At Short Beach in Stratford, the brackish flow that runs out to the sound from the estuary sieves past a small mountain of trash bags and waste, the municipal landfill. At Silver Sands State Park, beach access involves a walk down a long boardwalk perched above an estuary laden with literal tons of littered rubbish. The beach itself is broken by yards of out-of-use piping that once rested beneath the road that at one time traces the shoreline. The road, though mostly hidden, is still there. Large stretches of cracked and broken asphalt jut out from beneath the sand in places. Dislocated chunks clutter the rocky portions of the shore, and twisted mangled lengths of rebar stick up here and there along the length of the beach.

Against the backdrop of seeming maritime seclusion, these rusted and sullied artifacts seem almost post-apocalyptic. Perhaps in reality, they are pre-apocalyptic portents, shadows of a future that will inevitably arrive, a time when everything is quiet wilderness all strewn with the crumbling relics of a destructive ill-fated race.

After all, everything is connected. We live upon a planet of entirely symbiotic species. This fact is undeniable. We need each other, or at least, Homo sapiens needs the other species. Save e coli and other microbes specially evolved to live within and upon the human body, our necessity as members of the biome is ambiguous. Even our puppy dogs could continue on easily without us, though admittedly, silkworm moths could not.

In Connecticut, humanity’s effect on the environment is being felt hard. According to the Connecticut Department of Environmental Protection, there are six species of endangered, threatened and special concern fish in the state’s waters.

As well as the fish, there are seven amphibian, 11 reptile, 12 mammal, 54 bird, 143 invertebrate, and 347 plant species listed as endangered, threatened or special concern in the state.

Of these 580 total species, 173 are believed to be completely extirpated.

Included in this list of extirpated species, species once plentiful but now entirely gone from this land, are plants and animals ranging from the Slender Willow to the Yellow Lampmussel to the Eastern Cougar.

Never again will we know the anxious thrill of encountering in the woodlands of this state a wild cougar, an animal the Native Americans called “friend of man.” However, two fine specimens could , at one point, have been viewed stuffed and posed above a similarly taxidermied elk, enhancing the internal superficies of a certain sporting goods store located on the post road in West Haven. I saw them while browsing for fishing tackle.

Reading the long list of disappearing species, my heart fills with sadness. Some of the names of these animals are quite beautiful in their descriptiveness. Without seeing the creatures and plants, I can envision their morphology by reading their names alone.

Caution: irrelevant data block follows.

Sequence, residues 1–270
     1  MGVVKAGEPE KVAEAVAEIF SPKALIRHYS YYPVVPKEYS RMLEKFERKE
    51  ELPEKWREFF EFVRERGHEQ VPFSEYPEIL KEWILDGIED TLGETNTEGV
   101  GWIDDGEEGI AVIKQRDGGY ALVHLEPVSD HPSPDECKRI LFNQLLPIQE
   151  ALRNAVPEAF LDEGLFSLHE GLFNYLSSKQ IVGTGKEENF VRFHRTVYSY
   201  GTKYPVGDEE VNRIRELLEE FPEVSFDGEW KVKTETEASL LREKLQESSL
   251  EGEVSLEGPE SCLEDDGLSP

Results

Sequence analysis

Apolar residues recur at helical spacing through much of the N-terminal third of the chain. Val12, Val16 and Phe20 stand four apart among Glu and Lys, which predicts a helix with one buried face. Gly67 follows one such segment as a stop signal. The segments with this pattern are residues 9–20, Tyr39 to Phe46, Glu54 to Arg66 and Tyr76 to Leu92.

Invertebrates with names like sparkling jewelwing, Appalachian blue, sleepy duskwing and crimson-winged whiteface; plants such as dew-drop, blazing star autumn willow, lizard’s tail, little ladies’-tresses, heart leafed golden Alexander’s, and winged monkey-flower; birds called blue winged teal, little blue heron, snowy egret and yellow-crowned night heron.

It seems so ironic that the very species which gave these plants and animals names of such sincere poetry, would be the very same to abuse them to the point of near extinction.

It is obvious that the depletion of all these species is somehow connected. The list’s inclusion of both the Sedge plant and a butterfly called the Sedge Skipper seems to illustrate this fact verily.

The Striped Bass I caught that night at the beach was fat with PCBs.According to the Connecticut Department of Public Health, Blue Fish and Striped Bass caught in the waters of Long Island Sound are a certain health risk to anyone who eats them. The DPH advises that pregnant women, those who plan on becoming pregnant, nursing mothers and children under the age of six should never eat these fish. Moreover, anyone not included in this group should not eat meals containing these fish more than six times per year.

PCBs, or polychlorinated biphenyls, build up in the bodies of fish and the humans who eat them, eventually causing cancer and health defects.

The DPH further advises that most types of fish caught in the Housatonic, Quinnipiac and Eight-Mile rivers, should never be eaten by anyone ever. They extend this warning to include fish from Brewster Pond in Stratford, Wyassup Lake in North Stonington, Union Pond in Manchester, Dodge Pond in East Lyme, lake McDonough in Barkhamsted, Silver Lake in Berlin, and Versailles and Peppermill ponds in Sprague. In fact, the DPH doesn’t advise that anyone eat any fish caught anywhere in the State of Connecticut any more than one meal per month.

According to the United States Environmental protection Agency, pollutants of all types are present in varying degrees in water bodies all across Connecticut. These polluting agents include: PCBs, mercury, chlordane, bacteria, lead, copper, ammonia, zinc, landfill solids, de-icing agents from airports, “urban runoff,” creosote, metals, pathogens from septic runoff, biochemicals, nitrites, cadmium and chromium.

To be continued…